In his first major policy speech to parliament, Chancellor Olaf Scholz promised that his new administration will win the fight against the coronavirus epidemic and make Germany “structurally suitable” for the twenty-first century, vowing that measures to tackle climate change will be essential to its agenda.
As he launched a presentation of his government’s program, Scholz, who took over from longstanding Chancellor Angela Merkel last week, proclaimed, “We have no time to squander.” He made it clear that the new coalition of his center-left Social Democrats, environmentalist Greens, and pro-business Free Democrats will be a progressive one.
Scholz begins work as Germany battles the pandemic’s largest wave of illnesses to far. There are evidence that recent restrictions are slowing infections, and the new chancellor said the government is on track to meet a goal set in November to deliver 30 million vaccine doses into arms by the end of the year.
“Yes, things will improve; yes, we will prosecute the fight against this epidemic with zeal; and yes, we will win this struggle,” he assured legislators.
“We will do all that is required; the government has no red lines,” Scholz added. “We will not rest until we have all reclaimed our previous life and all of our liberties,” says the administration.
Scholz also stated that his government is open to criticism and will listen to critics, but that “a tiny number of unfettered radicals” attempting to impose their will on society will not be tolerated. Parts of the Querdenken movement — a loose collection of organizations opposed to the pandemic restrictions — are becoming increasingly extremist, according to German security officials.
“We will utilize the following four years to make Germany fundamentally suited for the world of the twenty-first century,” Scholz said, referring to the incoming government’s overall theme of development. He stated that this goal involves everything from upgrading the country’s government to investing in offshore wind farms, as well as the construction of new homes and trains.
“Climate protection will be a major cross-cutting responsibility in our administration, and we want to be judged on how well we handle it,” Scholz added.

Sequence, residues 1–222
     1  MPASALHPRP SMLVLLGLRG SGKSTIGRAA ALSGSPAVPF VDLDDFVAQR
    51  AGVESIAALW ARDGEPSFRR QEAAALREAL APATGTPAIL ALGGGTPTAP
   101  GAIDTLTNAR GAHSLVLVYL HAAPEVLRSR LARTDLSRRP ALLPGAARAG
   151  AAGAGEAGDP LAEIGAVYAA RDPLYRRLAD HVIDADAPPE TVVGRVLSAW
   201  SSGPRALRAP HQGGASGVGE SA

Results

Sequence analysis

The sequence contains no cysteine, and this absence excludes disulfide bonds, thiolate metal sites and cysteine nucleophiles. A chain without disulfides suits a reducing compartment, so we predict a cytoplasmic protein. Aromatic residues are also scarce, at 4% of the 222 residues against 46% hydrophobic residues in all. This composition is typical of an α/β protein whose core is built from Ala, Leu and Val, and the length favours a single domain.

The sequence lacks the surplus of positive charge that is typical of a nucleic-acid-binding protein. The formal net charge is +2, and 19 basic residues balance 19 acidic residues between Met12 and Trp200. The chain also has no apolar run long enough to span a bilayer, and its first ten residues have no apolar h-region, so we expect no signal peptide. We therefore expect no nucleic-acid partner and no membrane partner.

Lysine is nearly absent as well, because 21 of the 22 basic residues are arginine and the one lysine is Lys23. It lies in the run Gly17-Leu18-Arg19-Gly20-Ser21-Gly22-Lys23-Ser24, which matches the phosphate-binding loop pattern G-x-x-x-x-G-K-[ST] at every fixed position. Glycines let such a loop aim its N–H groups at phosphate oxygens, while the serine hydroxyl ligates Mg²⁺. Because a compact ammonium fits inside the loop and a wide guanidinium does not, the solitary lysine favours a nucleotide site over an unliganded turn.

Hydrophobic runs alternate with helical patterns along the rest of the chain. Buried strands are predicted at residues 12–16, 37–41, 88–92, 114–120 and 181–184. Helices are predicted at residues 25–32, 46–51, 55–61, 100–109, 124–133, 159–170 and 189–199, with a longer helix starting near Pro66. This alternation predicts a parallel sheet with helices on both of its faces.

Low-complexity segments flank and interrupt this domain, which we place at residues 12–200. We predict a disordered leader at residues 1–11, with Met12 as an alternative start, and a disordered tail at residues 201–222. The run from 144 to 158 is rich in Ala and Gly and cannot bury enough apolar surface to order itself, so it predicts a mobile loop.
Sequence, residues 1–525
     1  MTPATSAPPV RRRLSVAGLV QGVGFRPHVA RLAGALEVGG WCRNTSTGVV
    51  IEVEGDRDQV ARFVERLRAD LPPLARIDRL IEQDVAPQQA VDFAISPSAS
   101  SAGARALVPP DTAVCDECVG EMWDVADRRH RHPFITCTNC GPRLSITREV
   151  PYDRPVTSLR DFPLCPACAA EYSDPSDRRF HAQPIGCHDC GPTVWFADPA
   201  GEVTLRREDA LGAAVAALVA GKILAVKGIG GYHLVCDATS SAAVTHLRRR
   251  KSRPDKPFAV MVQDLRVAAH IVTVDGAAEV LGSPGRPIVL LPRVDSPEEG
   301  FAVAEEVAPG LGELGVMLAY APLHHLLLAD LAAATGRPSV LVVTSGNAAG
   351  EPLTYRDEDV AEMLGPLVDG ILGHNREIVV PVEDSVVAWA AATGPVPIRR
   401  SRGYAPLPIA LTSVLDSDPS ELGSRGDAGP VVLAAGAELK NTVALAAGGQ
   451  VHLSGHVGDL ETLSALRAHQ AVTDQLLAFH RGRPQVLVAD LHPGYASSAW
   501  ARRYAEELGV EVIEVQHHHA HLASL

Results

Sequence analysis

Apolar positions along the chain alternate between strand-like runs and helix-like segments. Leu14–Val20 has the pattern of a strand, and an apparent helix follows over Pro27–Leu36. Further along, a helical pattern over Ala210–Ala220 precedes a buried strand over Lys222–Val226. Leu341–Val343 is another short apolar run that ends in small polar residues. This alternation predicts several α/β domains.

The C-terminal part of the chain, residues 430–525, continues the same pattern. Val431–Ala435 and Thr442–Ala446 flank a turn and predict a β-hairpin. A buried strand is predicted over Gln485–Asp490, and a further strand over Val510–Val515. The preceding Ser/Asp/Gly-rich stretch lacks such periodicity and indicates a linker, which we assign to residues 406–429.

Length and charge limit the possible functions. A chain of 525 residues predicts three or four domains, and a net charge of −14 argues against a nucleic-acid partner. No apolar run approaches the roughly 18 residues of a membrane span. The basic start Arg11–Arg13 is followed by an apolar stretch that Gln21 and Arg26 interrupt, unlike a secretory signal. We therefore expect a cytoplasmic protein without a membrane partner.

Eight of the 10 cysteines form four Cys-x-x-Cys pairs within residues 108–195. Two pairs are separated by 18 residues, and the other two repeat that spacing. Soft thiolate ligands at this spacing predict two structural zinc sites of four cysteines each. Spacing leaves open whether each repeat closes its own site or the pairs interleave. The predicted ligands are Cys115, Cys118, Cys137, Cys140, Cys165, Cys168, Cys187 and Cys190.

The new administration intends to increase efforts to combat climate change by growing the use of renewable energy and pushing Germany’s coal-fired power plant departure forward from 2038 to 2030, “ideally.” It also intends to modernize the 83 million-strong country, including strengthening the country’s infamously inadequate cellular and internet networks.
To combat growing rental rates, the government also intends to raise Germany’s minimum wage and build hundreds of thousands of additional flats. It also intends to implement more liberal social policies, such as legalizing recreational cannabis and lifting a restriction on physicians advertising their ability to conduct abortions.
It intends to attract more competent immigrants by easing the road to German citizenship and removing dual citizenship limitations. Simultaneously, it pledges to make increased attempts to remove immigrants who do not qualify for asylum.
“We are an immigrant nation… but we must become an even greater integration country,” Scholz added.
The new leader emphasized the importance of foreign policy consistency in his statement. “The success of Europe is our most crucial national priority,” he told MPs.
Scholz cautioned that any action against Ukraine would come at a “high price,” but he also emphasized Germany’s offer of “constructive engagement” with Moscow.
“We must shape our China strategy around the China that we find in reality,” he added.
“This also entails not turning a blind eye to the terrible human rights situation and naming transgressions of global principles by their proper names,” Scholz stated. But, he continued, “it doesn’t change the fact that a country the size and history of China has a prominent position” in the international community.
This includes giving Beijing collaboration on issues like climate change and the pandemic, as well as “fair economic competition for mutual gain, with the same norms for everybody,” according to Scholz.